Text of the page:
When Android burst onto the scene, every company wanted a way to show the world that their device was unique. But as hardware quickly became commodified, the skin each business used to make Android feel distinct became a selling point. Except, doing so was often a fruitless exercise in adding bloatware that slowed down the phone and irritated users.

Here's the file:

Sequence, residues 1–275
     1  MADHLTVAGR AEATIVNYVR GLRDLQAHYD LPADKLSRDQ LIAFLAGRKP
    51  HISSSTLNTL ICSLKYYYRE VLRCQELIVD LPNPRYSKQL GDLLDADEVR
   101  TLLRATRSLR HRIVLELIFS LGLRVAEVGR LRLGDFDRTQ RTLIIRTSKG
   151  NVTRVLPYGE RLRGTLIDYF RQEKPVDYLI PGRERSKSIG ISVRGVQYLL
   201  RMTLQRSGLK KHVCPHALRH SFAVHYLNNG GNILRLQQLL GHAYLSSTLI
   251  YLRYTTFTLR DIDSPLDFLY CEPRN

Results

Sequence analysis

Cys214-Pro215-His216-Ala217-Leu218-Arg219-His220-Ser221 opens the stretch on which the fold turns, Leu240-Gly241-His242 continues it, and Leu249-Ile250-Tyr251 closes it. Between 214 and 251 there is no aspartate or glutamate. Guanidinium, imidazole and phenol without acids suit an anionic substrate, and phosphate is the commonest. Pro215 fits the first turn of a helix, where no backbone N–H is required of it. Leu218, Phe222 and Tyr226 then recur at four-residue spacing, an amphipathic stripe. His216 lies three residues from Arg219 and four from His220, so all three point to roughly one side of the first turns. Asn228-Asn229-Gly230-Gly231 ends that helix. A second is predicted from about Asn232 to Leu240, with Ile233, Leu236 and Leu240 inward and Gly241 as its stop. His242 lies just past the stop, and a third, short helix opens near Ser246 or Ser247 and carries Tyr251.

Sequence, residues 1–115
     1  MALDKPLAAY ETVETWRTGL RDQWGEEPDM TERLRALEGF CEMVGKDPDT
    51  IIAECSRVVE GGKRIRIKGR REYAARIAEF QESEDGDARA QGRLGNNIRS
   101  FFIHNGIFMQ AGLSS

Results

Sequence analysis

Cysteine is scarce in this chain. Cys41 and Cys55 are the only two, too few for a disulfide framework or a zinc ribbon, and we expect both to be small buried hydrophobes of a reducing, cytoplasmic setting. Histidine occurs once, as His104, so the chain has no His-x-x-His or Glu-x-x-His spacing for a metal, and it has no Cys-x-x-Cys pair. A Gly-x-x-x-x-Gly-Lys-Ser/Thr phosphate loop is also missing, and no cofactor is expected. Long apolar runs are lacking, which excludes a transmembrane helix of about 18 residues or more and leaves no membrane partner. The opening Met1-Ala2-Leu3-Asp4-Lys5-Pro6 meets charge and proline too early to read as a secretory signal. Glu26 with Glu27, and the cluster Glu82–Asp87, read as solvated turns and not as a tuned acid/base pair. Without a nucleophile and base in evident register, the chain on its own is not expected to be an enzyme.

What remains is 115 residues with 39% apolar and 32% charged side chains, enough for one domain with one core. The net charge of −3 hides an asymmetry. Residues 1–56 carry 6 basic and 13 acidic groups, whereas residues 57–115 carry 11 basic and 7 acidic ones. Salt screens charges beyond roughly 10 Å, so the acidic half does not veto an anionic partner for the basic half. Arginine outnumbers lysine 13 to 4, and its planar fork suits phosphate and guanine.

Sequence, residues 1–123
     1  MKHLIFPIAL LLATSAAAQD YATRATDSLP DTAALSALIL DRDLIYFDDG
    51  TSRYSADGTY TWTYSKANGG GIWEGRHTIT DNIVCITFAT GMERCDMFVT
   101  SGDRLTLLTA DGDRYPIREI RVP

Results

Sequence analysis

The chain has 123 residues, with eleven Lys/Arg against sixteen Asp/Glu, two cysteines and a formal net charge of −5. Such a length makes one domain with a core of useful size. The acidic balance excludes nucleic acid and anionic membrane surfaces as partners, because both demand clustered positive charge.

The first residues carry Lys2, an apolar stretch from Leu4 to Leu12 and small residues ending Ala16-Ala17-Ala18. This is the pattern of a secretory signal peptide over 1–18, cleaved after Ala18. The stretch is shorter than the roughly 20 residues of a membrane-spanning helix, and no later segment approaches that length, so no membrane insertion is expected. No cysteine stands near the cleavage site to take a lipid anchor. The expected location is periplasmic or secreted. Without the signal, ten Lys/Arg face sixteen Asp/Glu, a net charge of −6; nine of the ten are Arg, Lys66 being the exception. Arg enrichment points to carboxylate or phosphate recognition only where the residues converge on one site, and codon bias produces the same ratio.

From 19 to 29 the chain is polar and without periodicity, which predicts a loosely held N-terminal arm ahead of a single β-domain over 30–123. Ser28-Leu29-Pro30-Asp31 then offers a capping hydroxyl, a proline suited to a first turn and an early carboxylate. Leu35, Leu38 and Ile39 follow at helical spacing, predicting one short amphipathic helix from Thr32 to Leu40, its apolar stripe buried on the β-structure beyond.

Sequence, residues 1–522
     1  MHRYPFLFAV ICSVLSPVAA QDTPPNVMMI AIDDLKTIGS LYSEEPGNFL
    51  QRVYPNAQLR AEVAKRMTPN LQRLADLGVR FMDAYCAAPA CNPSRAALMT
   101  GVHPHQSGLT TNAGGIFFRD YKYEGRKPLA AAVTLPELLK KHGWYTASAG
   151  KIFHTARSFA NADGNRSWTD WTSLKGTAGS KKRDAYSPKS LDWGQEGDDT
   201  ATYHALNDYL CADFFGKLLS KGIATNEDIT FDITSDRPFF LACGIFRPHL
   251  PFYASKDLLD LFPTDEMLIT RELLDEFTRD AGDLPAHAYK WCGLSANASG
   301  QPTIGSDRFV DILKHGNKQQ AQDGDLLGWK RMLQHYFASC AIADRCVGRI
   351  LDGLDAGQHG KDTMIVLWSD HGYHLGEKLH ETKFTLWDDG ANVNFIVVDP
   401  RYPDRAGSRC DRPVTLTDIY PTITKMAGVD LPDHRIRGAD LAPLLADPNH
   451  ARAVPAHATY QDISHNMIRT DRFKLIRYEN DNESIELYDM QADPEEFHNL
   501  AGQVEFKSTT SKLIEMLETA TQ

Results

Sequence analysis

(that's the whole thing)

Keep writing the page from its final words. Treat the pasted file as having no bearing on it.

Consumers had pushed against such a trend, and Google both made its own "pure" Android device in the Nexus line, but also selling un-skinned versions of popular handsets. Since 2014, the number of big names that still persist with skinning has dwindled, to the point where you may be surprised that Lenovo was still trying. Although it is likely that the union with Motorola -- a strong proponent of stock Android -- helped sway the decision.